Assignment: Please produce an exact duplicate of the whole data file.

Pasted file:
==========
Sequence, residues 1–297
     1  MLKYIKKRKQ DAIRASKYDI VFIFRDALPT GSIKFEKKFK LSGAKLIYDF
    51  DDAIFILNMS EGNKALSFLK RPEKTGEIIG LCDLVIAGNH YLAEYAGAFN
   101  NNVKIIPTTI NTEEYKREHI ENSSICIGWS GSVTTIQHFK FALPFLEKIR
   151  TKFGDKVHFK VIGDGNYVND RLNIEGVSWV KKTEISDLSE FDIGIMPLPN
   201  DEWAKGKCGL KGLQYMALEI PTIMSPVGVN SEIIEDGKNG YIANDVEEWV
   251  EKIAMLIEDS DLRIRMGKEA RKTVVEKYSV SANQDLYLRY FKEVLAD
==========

Sequence, residues 1–297
     1  MLKYIKKRKQ DAIRASKYDI VFIFRDALPT GSIKFEKKFK LSGAKLIYDF
    51  DDAIFILNMS EGNKALSFLK RPEKTGEIIG LCDLVIAGNH YLAEYAGAFN
   101  NNVKIIPTTI NTEEYKREHI ENSSICIGWS GSVTTIQHFK FALPFLEKIR
   151  TKFGDKVHFK VIGDGNYVND RLNIEGVSWV KKTEISDLSE FDIGIMPLPN
   201  DEWAKGKCGL KGLQYMALEI PTIMSPVGVN SEIIEDGKNG YIANDVEEWV
   251  EKIAMLIEDS DLRIRMGKEA RKTVVEKYSV SANQDLYLRY FKEVLAD